Given these data, if the propagators of BLM’s vision of racial justice decline to address seriously the questions that that vision raises, they would leave their movement exposed to the most challenging question of all: Which black lives really matter to BLM—those of the law-abiding or the lawless, the peaceful or the violent, the orderly or the disorderly?
For many, what legitimates BLM’s bid to shape the minds of students is the notion that the group is the rightful heir of the civil rights movement of the 1950s and 1960s. Despite BLM leaders’ invocations of King and the “beloved community,” that notion is profoundly mistaken.
BLM does have a valid claim on a portion of the past century’s black freedom struggle—but it is the portion associated with the movement’s derailment, not its lasting successes. Whereas the old, and now broadly revered, African-American protest tradition, which reached its culmination in the classical phase of the civil rights movement, ultimately succeeded because it aimed to complete America, BLM’s explicit objective, inspired by the Black Power factions of the late 1960s, is to transform America. The trouble with BLM is that its activists and theoreticians cling uncritically to an ideologically blinkered rendering of America as an empire of seemingly incorrigible bigotry. That vision of America is a hallucination that, propagated in schools, promises to lower rather than to lift the life prospects of vulnerable young people.
In the preface to his biography of Frederick Douglass, Booker T. Washington remarks: “Douglass’s career falls almost wholly within the first period of the struggle in which [the racial] problem has involved the people of this country—the period of revolution and liberation. That period is now closed. We are at present in the period of construction and readjustment.” Washington published those words in 1906, when Ida B. Wells had been loudly engaged for over a decade documenting the rising incidence of antiblack lynchings, especially in the former Confederate states. Washington’s judgment was certainly overstated, likely deliberately so; he knew that the work of liberation was far from complete. Even so, in his mapping of the stages of progress, one finds a farsighted wisdom. For African-Americans, as for all others, the essential work of moral and political life is twofold. One element is resistance to injustice—revolution and liberation, as Washington put it, the altering or abolishing of unjust political or social orders. The other is construction, the task of establishing justice and virtue. The first stage, Washington advised, must be conceived as instrumental and transitory; it must at some point give way to building.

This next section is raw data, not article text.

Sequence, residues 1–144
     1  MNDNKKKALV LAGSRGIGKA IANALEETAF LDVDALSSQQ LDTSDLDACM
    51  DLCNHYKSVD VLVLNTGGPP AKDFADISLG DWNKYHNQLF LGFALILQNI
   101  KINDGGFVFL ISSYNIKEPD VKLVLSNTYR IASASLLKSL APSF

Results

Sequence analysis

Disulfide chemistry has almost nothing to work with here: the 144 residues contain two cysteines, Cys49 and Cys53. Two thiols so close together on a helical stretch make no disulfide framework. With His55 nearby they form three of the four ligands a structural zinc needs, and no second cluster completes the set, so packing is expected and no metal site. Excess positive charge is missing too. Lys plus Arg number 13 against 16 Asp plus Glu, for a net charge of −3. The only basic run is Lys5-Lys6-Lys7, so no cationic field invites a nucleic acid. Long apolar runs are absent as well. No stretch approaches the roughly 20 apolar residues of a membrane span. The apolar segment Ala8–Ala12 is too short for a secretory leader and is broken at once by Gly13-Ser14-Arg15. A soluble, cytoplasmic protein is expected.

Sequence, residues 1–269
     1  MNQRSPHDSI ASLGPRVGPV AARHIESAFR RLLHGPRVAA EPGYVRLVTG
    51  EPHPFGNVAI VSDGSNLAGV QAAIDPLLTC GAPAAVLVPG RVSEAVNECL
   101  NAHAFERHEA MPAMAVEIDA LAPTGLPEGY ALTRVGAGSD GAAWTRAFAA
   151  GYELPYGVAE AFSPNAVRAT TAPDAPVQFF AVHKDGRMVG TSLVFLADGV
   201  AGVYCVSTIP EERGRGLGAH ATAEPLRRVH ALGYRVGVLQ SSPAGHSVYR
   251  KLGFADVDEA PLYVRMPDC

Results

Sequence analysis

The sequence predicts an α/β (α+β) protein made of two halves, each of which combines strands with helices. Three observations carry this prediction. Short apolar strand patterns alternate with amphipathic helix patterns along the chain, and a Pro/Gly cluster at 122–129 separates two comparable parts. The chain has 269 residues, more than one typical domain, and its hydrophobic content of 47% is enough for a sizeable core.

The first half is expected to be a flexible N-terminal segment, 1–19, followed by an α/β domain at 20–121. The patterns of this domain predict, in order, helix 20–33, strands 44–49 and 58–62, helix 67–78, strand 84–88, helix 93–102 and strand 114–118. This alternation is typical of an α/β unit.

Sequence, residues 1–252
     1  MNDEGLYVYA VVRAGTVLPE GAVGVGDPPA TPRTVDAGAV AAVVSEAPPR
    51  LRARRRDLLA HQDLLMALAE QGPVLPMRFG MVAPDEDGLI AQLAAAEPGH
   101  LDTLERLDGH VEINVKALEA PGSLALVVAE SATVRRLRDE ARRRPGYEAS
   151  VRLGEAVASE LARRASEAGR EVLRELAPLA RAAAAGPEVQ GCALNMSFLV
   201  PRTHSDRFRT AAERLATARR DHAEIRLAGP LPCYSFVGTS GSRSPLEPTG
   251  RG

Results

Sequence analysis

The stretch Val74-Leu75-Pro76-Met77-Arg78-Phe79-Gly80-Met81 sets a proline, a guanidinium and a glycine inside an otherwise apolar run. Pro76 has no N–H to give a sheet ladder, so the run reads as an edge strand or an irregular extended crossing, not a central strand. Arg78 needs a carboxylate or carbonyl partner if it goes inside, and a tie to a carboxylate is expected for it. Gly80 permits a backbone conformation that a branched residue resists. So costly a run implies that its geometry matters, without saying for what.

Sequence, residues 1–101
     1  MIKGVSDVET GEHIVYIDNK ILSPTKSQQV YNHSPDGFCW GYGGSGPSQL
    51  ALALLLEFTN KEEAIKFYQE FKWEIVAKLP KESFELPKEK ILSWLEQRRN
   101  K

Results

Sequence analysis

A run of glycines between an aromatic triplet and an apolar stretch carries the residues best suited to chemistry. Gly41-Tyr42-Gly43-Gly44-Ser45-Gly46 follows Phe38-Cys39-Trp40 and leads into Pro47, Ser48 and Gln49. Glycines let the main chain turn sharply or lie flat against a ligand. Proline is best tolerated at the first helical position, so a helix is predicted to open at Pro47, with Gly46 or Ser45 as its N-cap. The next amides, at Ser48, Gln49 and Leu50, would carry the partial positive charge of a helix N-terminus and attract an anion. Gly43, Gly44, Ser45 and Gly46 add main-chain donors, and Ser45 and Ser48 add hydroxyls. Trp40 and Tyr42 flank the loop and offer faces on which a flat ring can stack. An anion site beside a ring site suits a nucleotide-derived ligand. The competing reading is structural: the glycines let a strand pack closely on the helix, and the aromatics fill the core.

Washington’s remark contains a subtler suggestion as well. The work of construction—the cultivation of the virtues requisite to material success, citizenship, and moral health, and the creation and preservation of the institutions that make them possible—must be undertaken before liberation has been fully achieved, because full liberation is achievable only by means of these virtues.
The Washingtonian wisdom doesn’t deny that reasons for protest occur in post-civil-rights-era America. Serious misconduct by government officials does take place; law-enforcement officers’ deployments of violent force, while often justified, are sometimes not justified. Men are not angels; angels do not govern men. The need for Madisonian and Jeffersonian vigilance is permanent. But the ethos of protest, taken to excess, is debilitating, too often pursued to the exclusion, and even denigration, of the constructive virtues.
For BLM, black Americans are frozen in time, confined in a revolutionary moment in which, now as ever, the one thing needful is protest; the work of liberation is the only work; the heroes of resistance are the only heroes. The supposition seems to be, to adapt Allan Bloom’s phrase, that the liberated will somehow possess all the virtues, absent any deliberate effort to nurture them.
The heroes of righteous protest, those who labored tirelessly and ingeniously over the course of many decades to bring down slavery and governmentally enforced discrimination, are not the only heroes. Nor is their preeminence as honorees equally suitable for all seasons. Where are the justice and wisdom in propagating, in 2019, a pedagogical vision that confines African-Americans’ life possibilities to the activities of protest and resistance? Rather than beglooming students’ imaginations with oppression stories—as though the main object of their education should be to swell the ranks of street protesters, classroom agitators, community organizers, diversity consultants, and the like—shouldn’t a genuinely antiracist education inspire them with stories of positive accomplishment, drawn from authors ranging from William Wells Brown to W. E. B. Du Bois to Carter Woodson to Kareem Abdul-Jabbar, highlighting the fact that, throughout U.S. history, African-Americans have been inventors and discoverers, producers of great works of art, leaders in industry and commerce, and founders and sustainers of schools and churches and businesses and other institutions of social uplift?
Now, above all, as the nation’s schools devote earnest effort to the incorporation of African-Americans’ history into their curricula, it is a moral, an intellectual, and a civic imperative to honor the wisdom of Booker T. Washington and of similar unsung others. It is time to honor the builders.
Top Photo: The cover of the textbook used as part of the BLM curriculum, which seeks to make “classrooms and schools sites of resistance to white supremacy and anti-blackness.” (COURTESY OF THE PUBLISHER, RETHINKING SCHOOLS)